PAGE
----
These Jesuits were men of noble ideals, for which they worked indefatigably their entire lives, in the midst of the same hardships as their beloved Natives, for whose good they were willing to suffer and die; and die they did, in the most horrific of ways. Indeed, they were even desirous of such a death, to shed their blood for Christ, and for the conversion of all peoples to Him and His salvific truth, and none more so than the powerful, yet gentle, giant Jean de Brébeuf. As he once confessed in his spiritual journal:

in truth I vow to you, Jesus my Saviour, that as far as I have the strength I will never fail to accept the grace of martyrdom, if some day you in your infinite mercy should offer it to me, your most unworthy servant…

My God, it grieves me greatly that you are not known, that in this savage wilderness all have not been converted to you, that sin has not been driven from it. My God, even if all the brutal tortures which prisoners in this region must endure should fall on me, I offer myself most willingly to them and I alone shall suffer them all.

Indeed. A true man, and saint. We may not have to give up our lives, but we must do what we can to stand against the tide of this culture of death, made all the ironically worse by an panic-driven fear of death, and be counted, and proclaim the truth, boldly and without compromise or complaisance.  Jean de Brebeuf recalled of the Natives that if you picked up a paddle in their canoes, you had to ply it all day; also, they expected you to carry your own fair share on the portages, silently, without complaint; and all of this on a handful of cornmeal at breakfast.  They would take the measure of a man by how much he could endure, and they were impressed by the steadfastness of the ‘Blackrobes’, not least de Brebeuf, whom they called ‘Echon’, a term of great respect and admiration.  Father Brebeuf was martyred at the age of 55, and I have oft wondered what he looked like – his noble Norman face weathered and lined by his years outside in the elements in the missions, his eyes radiating kindness, holiness and a zeal, that he would give anything to save your soul alone. Eric Blair (George Orwell) commented once that we get the face we deserve at 50 – and I’m sure there are exceptions – but, more to the point, we do get the soul we have forged, or not forged, by the grace of God, in the days of our youth, and it is that soul which shines forth through our face.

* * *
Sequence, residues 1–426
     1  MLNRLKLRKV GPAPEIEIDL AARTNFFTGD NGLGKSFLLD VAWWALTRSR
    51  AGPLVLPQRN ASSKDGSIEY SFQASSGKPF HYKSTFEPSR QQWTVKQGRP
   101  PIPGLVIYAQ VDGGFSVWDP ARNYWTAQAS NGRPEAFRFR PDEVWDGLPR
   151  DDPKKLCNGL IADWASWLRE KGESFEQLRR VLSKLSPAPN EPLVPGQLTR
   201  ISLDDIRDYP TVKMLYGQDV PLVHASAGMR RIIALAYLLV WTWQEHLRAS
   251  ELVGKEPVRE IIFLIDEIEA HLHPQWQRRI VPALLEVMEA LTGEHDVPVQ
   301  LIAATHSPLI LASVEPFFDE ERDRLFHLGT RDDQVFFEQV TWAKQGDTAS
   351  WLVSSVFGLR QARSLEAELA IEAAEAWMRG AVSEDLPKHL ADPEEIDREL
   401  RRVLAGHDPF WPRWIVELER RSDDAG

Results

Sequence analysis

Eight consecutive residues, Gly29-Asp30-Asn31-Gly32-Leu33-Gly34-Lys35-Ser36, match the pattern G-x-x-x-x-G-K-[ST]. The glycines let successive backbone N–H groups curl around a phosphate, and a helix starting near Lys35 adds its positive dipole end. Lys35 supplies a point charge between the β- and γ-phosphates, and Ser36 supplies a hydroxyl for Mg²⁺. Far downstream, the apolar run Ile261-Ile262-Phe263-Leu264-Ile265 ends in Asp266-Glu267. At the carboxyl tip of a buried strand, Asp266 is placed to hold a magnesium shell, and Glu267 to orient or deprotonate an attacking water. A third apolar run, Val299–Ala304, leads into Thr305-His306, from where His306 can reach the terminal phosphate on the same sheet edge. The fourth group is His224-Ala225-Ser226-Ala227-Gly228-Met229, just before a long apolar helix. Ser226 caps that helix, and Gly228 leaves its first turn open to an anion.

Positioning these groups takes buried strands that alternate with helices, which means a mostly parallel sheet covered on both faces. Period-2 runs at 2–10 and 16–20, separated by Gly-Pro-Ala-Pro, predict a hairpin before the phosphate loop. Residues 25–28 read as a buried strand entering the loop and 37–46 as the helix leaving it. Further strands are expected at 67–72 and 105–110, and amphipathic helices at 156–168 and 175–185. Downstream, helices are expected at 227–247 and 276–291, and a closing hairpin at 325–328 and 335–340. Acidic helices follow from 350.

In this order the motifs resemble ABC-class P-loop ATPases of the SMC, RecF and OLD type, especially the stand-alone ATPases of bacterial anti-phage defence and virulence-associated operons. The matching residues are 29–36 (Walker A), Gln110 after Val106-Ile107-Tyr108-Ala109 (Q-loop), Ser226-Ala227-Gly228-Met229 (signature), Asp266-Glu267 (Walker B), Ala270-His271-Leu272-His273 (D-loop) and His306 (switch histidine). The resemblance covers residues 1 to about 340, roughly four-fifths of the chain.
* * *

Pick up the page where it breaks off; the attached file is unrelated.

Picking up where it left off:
In our diminished and dissociated homo urbanus lives, we could stand to gain some small share in the fortitude of our spiritual ancestors, to whom this country owes so much, indeed everything, yet now knows so little.

On a final note, it is fitting that the last of the martyrs to meet his glorious end, Noel Chabanel, who had such an antipathy to the work, and could never really learn the language, and who had to bind himself by vow to stay, was hatcheted by a renegade Huron on December 8th, 1649, the solemnity of the Immaculate Conception – a fitting day to close off their sacrifice.

Our bishops consecrated Canada to Our Lady Immaculate on this day three years ago, so let us beseech her intercession, along with these holy Jesuits, for this fair Dominion,  that their sufferings may bring back the Faith to a people who know not what a treasure they have lost.

Holy Canadian Martyrs, orate pro nobis!